Research suggests that staying active, exercise, resistance training, socializing and brain training can slow the onset of dementia. Brain training doesn’t mean doing repetitive online tasks, just like a muscle, the more you use your brain the healthier it will be. Listen to music, do puzzles, take part in hobbies. Even sniffing out complex smells can help your brain stay on top of things. Keeping good company and chatting to friends and family can keep your mind active—so stay social.

2023 Alzheimer’s News

New Drugs

In 2023, two drugs from a new class of treatment were in the headlines. Medications of this class remove amyloid plaques associated with Alzheimer’s disease.

In January, the FDA approved lekanemab (Lekembi) for people with early-stage Alzheimer’s disease. Lekanemab reduces cognitive decline, but its clinical significance is controversial. 4 It slows the progression of cognitive decline by 27% in the very early stages of dementia. Doctors are unsure whether this is significant enough to justify the yearly US $26,500 price tag of the drug and the risk of nasty side effects.7

This summer, researchers published results from a phase III clinical trial of donanemab. The results are very promising: half of the participants did not experience disease progression. 5

New Research

Alzheimer’s Disease International publishes the World Alzheimer Report every year. Here’s the 2023 news they covered in last year’s report:

  • Sleep disturbances are associated with a higher risk of dementia.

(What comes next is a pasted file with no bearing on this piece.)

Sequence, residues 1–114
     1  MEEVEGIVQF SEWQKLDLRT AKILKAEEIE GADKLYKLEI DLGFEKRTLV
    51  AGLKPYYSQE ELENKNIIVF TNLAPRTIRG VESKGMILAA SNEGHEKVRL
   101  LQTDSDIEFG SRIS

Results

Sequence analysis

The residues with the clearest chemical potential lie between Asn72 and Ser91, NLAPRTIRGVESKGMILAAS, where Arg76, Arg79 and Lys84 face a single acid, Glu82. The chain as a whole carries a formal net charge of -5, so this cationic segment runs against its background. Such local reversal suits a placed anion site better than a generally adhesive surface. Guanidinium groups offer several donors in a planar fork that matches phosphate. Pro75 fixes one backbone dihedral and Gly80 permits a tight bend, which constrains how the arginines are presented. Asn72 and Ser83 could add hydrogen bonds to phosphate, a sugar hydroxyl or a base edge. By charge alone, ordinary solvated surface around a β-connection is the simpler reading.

• Football players, with the exception of goalkeepers, are at increased risk of dementia. Heading the ball frequently over a long period of time isn’t great for your brain!
  • Long-term use of hormone replacement therapy can increase the risk of dementia.
  • Researchers identified new gene mutations that protect against Alzheimer’s disease. 6

Here’s a selection of our 2023 Alzheimer’s and dementia stories, have a read!


1.Alzheimer’s Awareness Month. Alzheimer Society of Canada. Accessed November 25, 2023.

2.Alzheimer Society. The 10 warning signs of dementia. Alzheimer Society of Canada. Accessed November 25, 2023.

3.Medications approved to treat Alzheimer’s disease in Canada. Alzheimer Society of Canada. Accessed November 25, 2023.

4.What should Canadians know about lecanemab’s U.S. FDA approval? Alzheimer Society of Canada. Published January 11, 2023. Accessed November 28, 2023. Accessed November 28, 2023.

5.What should Canadians know about donanemab’s initial drug trial release? Alzheimer Society of Canada. Published May 30, 2023. Accessed November 28, 2023. Accessed November 28, 2023.

6.Long S., et al. World Alzheimer Report 2023. Alzheimer’s Disease International. Published September, 2023. Accessed November 28, 2023.

7.What the FDA Approval of Lecanemab Means for Patients and Families: A Q&A with MBWC Clinicians. University of Washington Medicine Memory and Brain Wellness Center. Published July 7 2023. Accessed Dec 15 2023.

Olga Ciciu BSc
Olga Ciciu BSc
Olga Ciciu is a medical columnist for the Medical News Bulletin. She graduated from the University of Montreal with a bachelor's degree in Biopharmaceutical Sciences. She has expertise in the pharmaceutical industry and clinical epidemiology, which she further developed through her work as a Research Assistant and Drug Research and Development Consultant.